CloudCloud ManagementDatacentre

UK Lagging In Terms Of Data Centres, But Cloud Giant Expansions Will Change That

Ben covers web and technology giants such as Google, Amazon, and Microsoft and their impact on the cloud computing industry, whilst also writing about data centre players and their increasing importance in Europe.

He also covers future technologies such as drones, aerospace, science, and the effect of technology on the environment.

Follow on:

UK plays host to less than 5 percent of world’s major cloud data centres, but expansions from AWS, Google, and Microsoft will boost the region in 2016

The UK hosts less than five percent of the world’s major cloud and Internet data centres, falling behind countries such as Australia, Japan, and China as use of cloud computing continues to grow in 2016.

The United States takes the overall majority share of cloud locations, however, with almost half of all major Internet data centres situated in the country, according to findings from analyst house Synergy Research Group.

But the UK could get a significant boost this year, as the world’s three largest cloud providers prepare to open data centres in the region.

AWS, Google, and Microsoft have all confirmed that they will be launching new cloud data centres in the country as the public cloud war heats up.


“Perhaps the biggest surprise is that the UK does not feature more prominently, but that situation will change this year with AWS, Microsoft and Google all opening major data centres in the country,” said Synergy Research Group chief analyst John Dinsdale.

The findings were released this week and analysed the global data centre footprint in Q4.

The United States plays host to 46 percent of major cloud and Internet data centres, claims Synergy, with China and Japan taking 7 percent and 6 percent respectively.

Microsoft CEO Satya Nadella

Following these three leaders are Australia, Singapore, Germany, the UK, and Brazil, each accounting for between 3 percent and 5 percent each.

Synergy Research Group looked at 17 of the world’s biggest cloud and Internet service firms, including operators in IaaS, PaaS, and SaaS, such as Amazon Web Services and Google Cloud Platform. In aggregate the companies now have over 230 major data centre sites, said Synergy.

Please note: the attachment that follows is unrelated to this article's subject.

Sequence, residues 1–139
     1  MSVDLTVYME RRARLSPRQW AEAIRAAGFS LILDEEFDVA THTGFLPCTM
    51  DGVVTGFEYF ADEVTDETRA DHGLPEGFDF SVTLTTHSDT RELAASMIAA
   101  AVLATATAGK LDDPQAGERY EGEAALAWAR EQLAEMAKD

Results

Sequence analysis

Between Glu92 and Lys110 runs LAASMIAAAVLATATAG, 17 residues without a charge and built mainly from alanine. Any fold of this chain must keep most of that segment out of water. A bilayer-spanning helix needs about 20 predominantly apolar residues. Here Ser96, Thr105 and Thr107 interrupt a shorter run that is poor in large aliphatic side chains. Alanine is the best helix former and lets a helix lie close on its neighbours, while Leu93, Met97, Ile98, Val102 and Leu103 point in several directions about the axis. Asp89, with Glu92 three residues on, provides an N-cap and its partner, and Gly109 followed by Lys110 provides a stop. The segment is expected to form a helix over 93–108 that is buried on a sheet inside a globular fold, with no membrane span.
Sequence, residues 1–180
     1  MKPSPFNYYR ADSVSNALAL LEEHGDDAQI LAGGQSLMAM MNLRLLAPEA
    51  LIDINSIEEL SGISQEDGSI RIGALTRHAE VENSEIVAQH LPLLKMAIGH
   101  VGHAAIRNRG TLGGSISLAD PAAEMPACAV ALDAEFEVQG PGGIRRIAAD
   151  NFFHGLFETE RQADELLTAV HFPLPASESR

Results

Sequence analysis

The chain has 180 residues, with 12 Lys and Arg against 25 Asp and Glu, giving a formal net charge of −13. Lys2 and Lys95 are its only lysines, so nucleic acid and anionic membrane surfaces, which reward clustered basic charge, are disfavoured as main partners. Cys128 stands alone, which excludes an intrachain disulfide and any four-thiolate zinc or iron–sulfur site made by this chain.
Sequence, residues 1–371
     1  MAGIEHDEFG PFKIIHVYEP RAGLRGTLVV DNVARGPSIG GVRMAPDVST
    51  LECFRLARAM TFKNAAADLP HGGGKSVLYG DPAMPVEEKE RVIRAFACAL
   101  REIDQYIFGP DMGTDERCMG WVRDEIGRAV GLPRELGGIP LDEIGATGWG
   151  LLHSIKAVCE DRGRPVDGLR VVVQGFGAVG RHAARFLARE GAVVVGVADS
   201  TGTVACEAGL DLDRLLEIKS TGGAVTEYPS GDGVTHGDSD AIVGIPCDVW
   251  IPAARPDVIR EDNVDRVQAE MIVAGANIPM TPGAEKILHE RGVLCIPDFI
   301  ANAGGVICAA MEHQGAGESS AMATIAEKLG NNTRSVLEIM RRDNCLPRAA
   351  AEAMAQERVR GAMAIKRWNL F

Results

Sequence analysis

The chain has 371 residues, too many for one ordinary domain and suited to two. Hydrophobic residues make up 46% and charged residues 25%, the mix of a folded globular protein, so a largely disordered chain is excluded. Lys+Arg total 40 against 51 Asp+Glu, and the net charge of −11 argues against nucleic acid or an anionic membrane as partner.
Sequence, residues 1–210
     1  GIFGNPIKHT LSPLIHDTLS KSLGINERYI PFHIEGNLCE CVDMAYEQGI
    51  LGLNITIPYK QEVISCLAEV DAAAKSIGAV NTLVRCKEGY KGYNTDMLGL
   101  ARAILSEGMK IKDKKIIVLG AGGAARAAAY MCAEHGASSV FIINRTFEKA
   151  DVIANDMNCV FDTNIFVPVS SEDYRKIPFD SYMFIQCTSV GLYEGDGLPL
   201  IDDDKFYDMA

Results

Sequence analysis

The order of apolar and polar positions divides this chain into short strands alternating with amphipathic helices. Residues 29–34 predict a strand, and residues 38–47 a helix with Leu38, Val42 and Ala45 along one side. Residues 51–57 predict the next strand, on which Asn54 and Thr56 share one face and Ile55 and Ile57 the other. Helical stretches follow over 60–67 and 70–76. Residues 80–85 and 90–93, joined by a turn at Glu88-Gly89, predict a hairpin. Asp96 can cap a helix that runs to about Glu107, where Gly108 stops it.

“Given that explosive growth in cloud usage is a global phenomenon, it is remarkable that the US still accounts for almost half of the world’s major data centers, but that is a reflection of the US dominance of cloud and internet technologies,” said John Dinsdale, a chief analyst at Synergy Research Group.

Dinsdale points to the local market requirements and the scale of the other countries being the reason for the larger spread of data centre concentration.

Google expansion

Amid Google’s data centre expansion in the UK, reports circulated earlier this week of the company looking to make key acquisitions to bolster its cloud business.

cloudGoogle made a hit list of cloud acquisition targets that it wants to purchase to address key areas in its cloud products that may be flagging behind offerings from competitors AWS and Azure.

Sources familiar with the matter, cited by Re/code, claim that Diane Greene and her team are looking at a number of acquisitions that include an app services startup and a pure play SaaS provider.

The sources said that Google’s wants haven’t yet got to an official stage, but the company is eyeing up Shopify, payroll provider Namely, and Xactly.

Dinsdale told TechWeekEurope that any such acquisitions on Google’s behalf would be a way to make up for lost ground.

“While Google has a huge foundation of data centres and relevant technology, it does not seem to have put cloud at the front and center of its strategic focus,” said Dinsdale.

“Google has been left behind a bit and seems to be juggling with a long list of priorities of which cloud is just one. I think Diane Greene is trying to rectify that and is trying to give Google more edge in its efforts to compete with the other two [AWS, Microsoft].”

Take our cloud in 2016 quiz here!